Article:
The world has changed.
In the past ten, twenty, fifty years, humanity has advanced and innovated in technology, the way we communicate, the way we work, the way we move, and the way we play.
Yet, nothing can compare to the changes the world faced since 2020.
The world over, we saw a pandemic that shut many of us in our homes, stopped children from attending schools, people from going to work, restaurants or to the gym.
In response, virtual meetings became the new normal – allowing us to connect with people from all over the world in real time.
A team of seven could come together from all corners of the earth to conceive of and create a project.
This would have been inconceivable to our great-grandparents’ generation, or our grandparents, or even our parents’ generation.
Humanity has always evolved in a progressive manner in technology. Some would argue that the same can’t be said for how we progress ethically.
What most people consider is that we have always evolved at a relatively steady pace, a small percentage of growth per year that compounds to an evolutionary overview that appears to advance us, bit by bit, away from our neanderthal heritage.
The reality is, humanity has always advanced is epochs of relatively slow growth, interspersed by huge leaps in evolution.
These leaps are always pre-empted by disease, drought, famine, fire, war, or a combination of these factors.
Think of it, our caveman ancestors had a fairly arduous existence. Every day, they would hunt and forage. For their protection, they would have to live in the shelter of a cave, yet they had to be in close proximity to the river, or lake for their fresh water.
Every time they left the cave, the danger of falling prey to a sabre-tooth tiger, or other wild predator, would loom. Our ancestral cave lineage would have been limited in their evolutionary progress were it not for their sudden understating of how to create fire.
Fire was an evolutionary leap for the caveman.
With the invention of fire, not only could we sharpen tools to become better hunter-gatherers, but we could also cook our catch. This new way of life created a need for tribal communities to share the wealth of the field (or the kill), as well as the work it took to cook it.
Scan the landscape of history a little to the future, with the invention of the wheel, humanity leaped once again.
The wheel allowed for our predecessors to lay roots, to live further away from the protection of the cave. The wheel let us harness the power of beasts of burden to carry water, wood, rocks and other supplies for us to build villages, develop communities. In numbers, we could protect ourselves from the predators, and benefit from the communal contributions of our tribe. If famine, disease, drought or fire ever came to our village, we would now be able to load our earthly possessions onto a wheeled vehicle to carry our earthenware jars, tools and skins to a new location.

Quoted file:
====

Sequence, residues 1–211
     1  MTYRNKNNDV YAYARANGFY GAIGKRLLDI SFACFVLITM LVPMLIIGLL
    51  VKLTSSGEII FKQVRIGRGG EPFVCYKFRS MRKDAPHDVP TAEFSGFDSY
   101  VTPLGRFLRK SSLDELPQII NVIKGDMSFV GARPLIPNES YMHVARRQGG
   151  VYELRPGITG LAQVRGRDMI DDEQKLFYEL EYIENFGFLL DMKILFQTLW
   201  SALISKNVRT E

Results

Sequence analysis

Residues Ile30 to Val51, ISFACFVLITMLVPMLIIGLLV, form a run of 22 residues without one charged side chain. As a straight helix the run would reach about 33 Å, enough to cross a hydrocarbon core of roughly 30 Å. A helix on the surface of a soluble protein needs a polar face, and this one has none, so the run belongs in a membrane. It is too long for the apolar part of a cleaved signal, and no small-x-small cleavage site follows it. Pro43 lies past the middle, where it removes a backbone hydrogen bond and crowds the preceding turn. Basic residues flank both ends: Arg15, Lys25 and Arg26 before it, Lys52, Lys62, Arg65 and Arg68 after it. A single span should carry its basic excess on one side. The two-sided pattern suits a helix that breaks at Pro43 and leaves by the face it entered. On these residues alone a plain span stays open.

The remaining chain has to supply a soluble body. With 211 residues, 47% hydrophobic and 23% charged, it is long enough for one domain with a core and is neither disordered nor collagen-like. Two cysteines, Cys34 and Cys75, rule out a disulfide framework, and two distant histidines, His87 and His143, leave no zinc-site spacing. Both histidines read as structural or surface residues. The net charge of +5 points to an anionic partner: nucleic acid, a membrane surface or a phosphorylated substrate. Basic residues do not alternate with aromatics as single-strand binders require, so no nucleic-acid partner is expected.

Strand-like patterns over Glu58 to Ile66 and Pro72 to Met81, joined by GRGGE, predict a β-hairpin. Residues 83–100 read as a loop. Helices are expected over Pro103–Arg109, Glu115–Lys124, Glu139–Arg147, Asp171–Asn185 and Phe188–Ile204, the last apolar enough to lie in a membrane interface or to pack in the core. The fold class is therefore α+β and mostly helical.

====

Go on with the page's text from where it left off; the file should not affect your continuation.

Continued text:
As we emerged from the cave, and into small tribal communities the world over, one other thing evolved too.
What was once told through pictures on a cave wall, now became graphic symbolic language. In those rudimentary picture alphabets, humanity transformed from a species that only looked at the present necessities, to one that needed to preserve their knowledge and communication for future generations to understand.
Language, specifically the written form, was as big of an evolutionary leap to humanity as was the discovery of fire or the invention of the wheel.
From the hieroglyphs on the walls of the pyramid at Giza, to the symbols used to measure time and tell ancient stories etched into the stone in the Mayan culture, to the symbols painted on the walls of the great structures throughout Asia – language, we came to understand, was as integral to our evolution as fire or the wheel.
And while ancient cultures, the world over, told the tales of their social ideals and mores, they were still bound by place and time.
One essential technological invention still hovered in the distant future, a leap in technology with such far reaching effects, that it would forever change the landscape of the way in which humans communicate forever more.
What is this essential technology?
Find out in the next post…
Sorry, comments are closed for this post.